Valley View and Finney County Historical Society hosting on Oct. 20, 21 and 22

Southwest Kansans can take a walking tour of Garden City’s Valley View Cemetery during three evenings in October, discovering a trove of historical information and meeting a few figures from the community’s 137-year past.

Established in 1883, the cemetery includes more than 13,000 graves and serves as the final resting place for many of the community’s founders, early leaders and everyday citizens.

The tours are taking place for the third consecutive year, hosted in partnership by the cemetery and the Finney County Historical Society. They’re sponsored by Price and Sons Funeral Home, with support from the Finney County Convention and Visitors Bureau. Each will be led by Johnetta Hebrlee, education coordinator at the Finney County Museum.

Tour times include 6 p.m. and 8 p.m. on Oct. 20, 22 and 22, with tour groups gathering at the cemetery office. Parking will be available east of the office, inside the cemetery fence off of north Third Street.



Admission for the walking tours is $10 per person, with cash or checks accepted, and they’re being sold in advance only. Tickets are available seven days weekly at the museum, 403 S. Fourth in Finnup Park. Exhibit hours there are 1-5 p.m. seven days weekly, via the front entrance; with offices open 9 a.m.-5 p.m. weekdays, via the north door.

Each tour will run 60 to 90 minutes, with stops at approximately 10 to 12 gravesites and three memorials. Volunteer re-enactors will emerge at certain points along the route to portray figures from the 19th and 20th Centuries.

“People had a lot of fun and learned some interesting local history during the tours in 2014 and 2015, so we’re going to conduct them again,” said Steve Quakenbush, FCHS executive director. “While they’re taking place in October, the tours have nothing to do with ghosts or goblins or Halloween. The emphasis is on local history, and on some of the people who have played significant roles in that history.”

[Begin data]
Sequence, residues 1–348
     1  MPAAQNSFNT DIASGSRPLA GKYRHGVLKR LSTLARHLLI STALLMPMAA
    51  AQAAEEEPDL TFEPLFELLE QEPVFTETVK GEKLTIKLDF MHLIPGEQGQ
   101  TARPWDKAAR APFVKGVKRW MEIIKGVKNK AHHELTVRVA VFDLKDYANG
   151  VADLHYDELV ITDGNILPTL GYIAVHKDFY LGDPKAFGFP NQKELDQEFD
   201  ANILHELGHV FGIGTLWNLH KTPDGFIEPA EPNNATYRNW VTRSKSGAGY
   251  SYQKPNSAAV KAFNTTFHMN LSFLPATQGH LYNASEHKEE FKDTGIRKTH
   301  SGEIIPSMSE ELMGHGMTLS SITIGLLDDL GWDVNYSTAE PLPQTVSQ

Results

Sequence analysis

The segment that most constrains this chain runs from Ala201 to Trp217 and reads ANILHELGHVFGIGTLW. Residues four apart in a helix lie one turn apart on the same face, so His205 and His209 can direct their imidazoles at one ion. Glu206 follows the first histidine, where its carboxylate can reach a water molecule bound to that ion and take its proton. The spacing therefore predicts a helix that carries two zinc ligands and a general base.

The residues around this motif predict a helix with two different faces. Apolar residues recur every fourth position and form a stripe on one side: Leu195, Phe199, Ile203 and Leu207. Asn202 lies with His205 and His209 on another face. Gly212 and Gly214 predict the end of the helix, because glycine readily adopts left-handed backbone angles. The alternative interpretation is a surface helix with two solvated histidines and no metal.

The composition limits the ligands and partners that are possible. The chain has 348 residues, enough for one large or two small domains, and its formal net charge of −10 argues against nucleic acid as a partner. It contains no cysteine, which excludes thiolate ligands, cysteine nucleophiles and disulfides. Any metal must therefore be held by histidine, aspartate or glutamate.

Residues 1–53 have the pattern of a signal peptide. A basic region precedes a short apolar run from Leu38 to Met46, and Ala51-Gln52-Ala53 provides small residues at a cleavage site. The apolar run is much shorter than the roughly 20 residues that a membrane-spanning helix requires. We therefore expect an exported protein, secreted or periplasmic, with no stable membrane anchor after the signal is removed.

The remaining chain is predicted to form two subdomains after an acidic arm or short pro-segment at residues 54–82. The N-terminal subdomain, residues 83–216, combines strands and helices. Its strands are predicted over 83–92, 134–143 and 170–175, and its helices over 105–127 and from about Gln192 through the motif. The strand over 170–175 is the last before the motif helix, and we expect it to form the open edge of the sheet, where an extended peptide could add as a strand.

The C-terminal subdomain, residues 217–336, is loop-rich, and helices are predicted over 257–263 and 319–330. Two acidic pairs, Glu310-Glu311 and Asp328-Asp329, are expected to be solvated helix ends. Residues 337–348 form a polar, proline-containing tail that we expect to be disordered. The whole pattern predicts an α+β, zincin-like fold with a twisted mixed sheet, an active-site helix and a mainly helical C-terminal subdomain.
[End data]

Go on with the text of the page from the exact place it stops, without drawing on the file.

Those who attend can expect some consistency but also some changes from the two previous years, in order to keep the experience unique. Among the historic gravesites visited on past tours were the resting places of Buffalo Jones and John Stevens, two of the city’s four founders; Mitchal Runnels, the young man whose headstone includes the engine from his beloved 1920s automobile; Jake Fleagle, of the notorious Fleagle Gang of robbers from the early 20th Century; James and Luticia Fulton, other founders whose 19th Century garden is credited with inspiring Garden City’s name; and 13 young Native American men who died during the Great Influenza Epidemic of 1918 after arriving to work in Finney County’s sugar beet fields.

“There are just so many stories to tell about the people who have made Finney County what it is today,” Hebrlee said. “You might not realize it, but a visit to the cemetery is great way to discover some of those stories.” Established 133 years ago, the cemetery has been operated by the city since 1940. While not the first or only site for graves in Finney County, it is the largest by far, covering 40 acres with an additional 40 acres in reserve.

“We wouldn’t be able to do this without our sponsor’s support, the help of the CVB or without Cemetery Director Kelly Stevenson and his staff as our partners,” Quakenbush said. The tour series is taking place not only as a fund-raising endeavor for the historical society, but as a way for the organization to carry out its mission of preserving the past to enlighten the future.

​The tours are geared primarily for adults, and each group will be limited in size to enhance the experience. Tickets are being offered on a first come-first served basis, and they sold out in advance both prior years.

Finney County Convention and Visitors Bureau

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